One of the most important goals of conducting a job analysis is to determine the minimum requirements necessary for a candidate to be successful in a given job. These requirements will help recruiters determine the difference between a qualified candidate and an unqualified candidate. These minimum requirement characteristics, known as a job’s KSAOs, are the knowledge (K), skills (S), abilities (A), and other characteristics (O) necessary to be successful (Phillips, 2015). The following paper will describe three KSAOs for a Human Resources Manager, their relative importance, and the relative time spent for each.
Successful HR Managers must have the ability to effectively communicate both in writing and orally as well as have strong written and oral comprehension making this the most important KSAO for a Human Resources (HR) Manager (Career Cover Letter, 2016). HR professionals spend a lot of time communicating to multiple levels of the organization. 60% of their time is spent communicating up to the leadership team, laterally to managers, externally to clients and candidates, and down to all levels of the organization. Communication can come in the form of individual conversations, presentations, written emails, policy documentation, and through social media. Communication can be about policies and procedures, the hiring process, interviewing, workforce planning, employee relations, performance management, and coaching. While talking to managers and employees about various ideas and issues, the HR Manager must be seen as competent, trustworthy, and convincing. The ability to communicate the appropriate information and ideas is critical so that the receiver fully understands the message being relayed.
Part of the art of communication is the ability to listen. It is important to have the ability to listen to what an employee is saying, to understand the points they are trying to convey, and ask questions to gain clarity while keeping the employee at ease and engaged in the conversation. Active listening skills are critical to gaining the ability to influence the business because it builds trust between the HR function, employees, and management. When viewed as an advisor, HR will be able to provide insight to improve or enhance the work environment.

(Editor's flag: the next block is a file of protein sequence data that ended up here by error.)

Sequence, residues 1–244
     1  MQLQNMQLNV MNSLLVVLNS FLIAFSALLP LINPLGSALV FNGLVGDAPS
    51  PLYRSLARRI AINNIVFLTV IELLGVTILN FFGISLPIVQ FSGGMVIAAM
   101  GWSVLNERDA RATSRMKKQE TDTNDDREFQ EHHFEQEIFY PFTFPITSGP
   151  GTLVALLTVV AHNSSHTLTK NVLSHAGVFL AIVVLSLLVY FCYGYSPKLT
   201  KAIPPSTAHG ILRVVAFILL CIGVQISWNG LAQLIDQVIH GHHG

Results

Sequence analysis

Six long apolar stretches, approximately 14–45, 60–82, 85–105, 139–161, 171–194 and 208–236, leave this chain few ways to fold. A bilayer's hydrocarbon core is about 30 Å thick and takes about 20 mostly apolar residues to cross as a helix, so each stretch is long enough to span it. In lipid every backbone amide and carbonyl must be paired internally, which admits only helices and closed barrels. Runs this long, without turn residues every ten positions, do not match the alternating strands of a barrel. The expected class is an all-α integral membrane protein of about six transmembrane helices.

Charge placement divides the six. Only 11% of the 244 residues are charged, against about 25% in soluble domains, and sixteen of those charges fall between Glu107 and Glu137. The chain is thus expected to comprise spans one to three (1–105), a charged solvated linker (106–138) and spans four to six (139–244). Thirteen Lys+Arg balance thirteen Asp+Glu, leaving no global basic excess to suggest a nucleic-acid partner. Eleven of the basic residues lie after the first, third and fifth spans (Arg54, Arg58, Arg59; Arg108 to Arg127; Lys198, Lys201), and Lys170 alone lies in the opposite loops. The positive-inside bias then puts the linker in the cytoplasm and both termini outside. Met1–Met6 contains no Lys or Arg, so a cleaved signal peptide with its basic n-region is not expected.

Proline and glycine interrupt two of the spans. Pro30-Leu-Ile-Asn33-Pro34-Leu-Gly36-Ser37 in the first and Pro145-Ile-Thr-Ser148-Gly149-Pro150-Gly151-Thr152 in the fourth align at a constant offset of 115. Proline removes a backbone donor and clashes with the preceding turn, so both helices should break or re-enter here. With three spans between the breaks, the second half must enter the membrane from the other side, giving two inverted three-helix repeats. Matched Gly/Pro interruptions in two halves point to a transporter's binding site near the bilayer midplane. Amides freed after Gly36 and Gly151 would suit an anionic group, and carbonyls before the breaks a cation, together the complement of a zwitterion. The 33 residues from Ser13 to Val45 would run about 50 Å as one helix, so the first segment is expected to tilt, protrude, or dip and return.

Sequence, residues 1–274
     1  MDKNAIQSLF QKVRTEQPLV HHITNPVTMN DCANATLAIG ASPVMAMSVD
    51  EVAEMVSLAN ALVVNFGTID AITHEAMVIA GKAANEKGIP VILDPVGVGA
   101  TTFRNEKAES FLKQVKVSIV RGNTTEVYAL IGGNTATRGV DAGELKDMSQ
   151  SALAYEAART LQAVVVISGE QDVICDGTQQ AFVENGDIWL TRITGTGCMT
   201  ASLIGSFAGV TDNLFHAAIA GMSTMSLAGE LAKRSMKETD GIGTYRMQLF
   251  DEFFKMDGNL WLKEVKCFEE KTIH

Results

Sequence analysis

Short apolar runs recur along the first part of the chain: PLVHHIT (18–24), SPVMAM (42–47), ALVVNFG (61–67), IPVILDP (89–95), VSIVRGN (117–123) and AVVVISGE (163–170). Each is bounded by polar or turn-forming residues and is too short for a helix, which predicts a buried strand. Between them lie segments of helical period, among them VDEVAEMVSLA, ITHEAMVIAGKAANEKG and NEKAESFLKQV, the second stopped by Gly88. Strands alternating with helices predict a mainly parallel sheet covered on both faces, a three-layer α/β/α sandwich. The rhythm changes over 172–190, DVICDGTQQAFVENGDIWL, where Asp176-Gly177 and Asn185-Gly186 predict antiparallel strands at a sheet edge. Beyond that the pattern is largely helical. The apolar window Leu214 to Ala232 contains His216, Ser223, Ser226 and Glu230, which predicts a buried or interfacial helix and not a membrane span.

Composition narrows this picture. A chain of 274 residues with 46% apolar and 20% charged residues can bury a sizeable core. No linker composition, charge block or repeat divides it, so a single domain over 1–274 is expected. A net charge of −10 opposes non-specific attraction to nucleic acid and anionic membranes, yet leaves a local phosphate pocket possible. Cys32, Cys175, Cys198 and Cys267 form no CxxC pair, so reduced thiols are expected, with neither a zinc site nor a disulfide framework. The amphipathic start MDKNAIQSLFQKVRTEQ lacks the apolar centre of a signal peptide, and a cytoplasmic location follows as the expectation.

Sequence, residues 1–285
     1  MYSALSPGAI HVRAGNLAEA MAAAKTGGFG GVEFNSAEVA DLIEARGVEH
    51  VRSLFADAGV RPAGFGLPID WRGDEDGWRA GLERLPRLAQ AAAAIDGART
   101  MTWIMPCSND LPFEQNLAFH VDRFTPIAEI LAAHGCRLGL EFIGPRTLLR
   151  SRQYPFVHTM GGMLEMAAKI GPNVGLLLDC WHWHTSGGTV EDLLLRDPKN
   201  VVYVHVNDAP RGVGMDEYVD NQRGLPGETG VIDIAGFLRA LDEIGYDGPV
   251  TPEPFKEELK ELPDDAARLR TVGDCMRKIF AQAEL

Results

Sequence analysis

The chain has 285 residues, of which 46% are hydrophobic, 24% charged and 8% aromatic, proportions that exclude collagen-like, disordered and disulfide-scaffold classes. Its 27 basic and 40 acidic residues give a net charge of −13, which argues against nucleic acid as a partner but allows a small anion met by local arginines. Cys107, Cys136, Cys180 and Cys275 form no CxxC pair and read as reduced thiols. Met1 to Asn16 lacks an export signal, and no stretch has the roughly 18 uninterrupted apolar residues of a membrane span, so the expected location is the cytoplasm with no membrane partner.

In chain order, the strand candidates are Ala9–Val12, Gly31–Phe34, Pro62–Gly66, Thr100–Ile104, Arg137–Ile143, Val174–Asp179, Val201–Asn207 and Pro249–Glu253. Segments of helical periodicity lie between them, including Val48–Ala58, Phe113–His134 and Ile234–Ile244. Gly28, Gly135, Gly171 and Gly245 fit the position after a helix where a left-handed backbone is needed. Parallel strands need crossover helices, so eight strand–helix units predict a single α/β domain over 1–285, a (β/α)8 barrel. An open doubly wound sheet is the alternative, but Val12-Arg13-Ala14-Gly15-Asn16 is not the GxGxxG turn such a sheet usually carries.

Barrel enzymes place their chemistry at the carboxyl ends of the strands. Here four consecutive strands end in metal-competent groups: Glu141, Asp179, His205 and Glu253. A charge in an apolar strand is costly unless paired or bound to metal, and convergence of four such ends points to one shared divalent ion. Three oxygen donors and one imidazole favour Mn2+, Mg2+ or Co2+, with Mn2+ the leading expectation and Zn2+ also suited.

The ability to communicate effectively is necessary prior to hiring for the HR Manager role. While training can be provided to enhance someone’s skills, a base of demonstrated communication ability is required. Without this ability, the HR Manager will struggle to gain the trust necessary to have a successful relationship with the business and the employees.
Knowledge of Management and Business Principles
A second most important KSAO for a Human Resources Manager is the knowledge of the principals involved in workforce planning, spans and layers, resource allocation, leadership techniques, and organizational structure. A HR Manager must be able to coordinate people and resources effectively to enhance the success of the business and its employees. 25% of an HR Manager’s time will be dedicated to looking at the current organizational structure for opportunities of alignment and efficiency. In partnership with the leadership team, reviews of resource allocation should happen on a regular basis.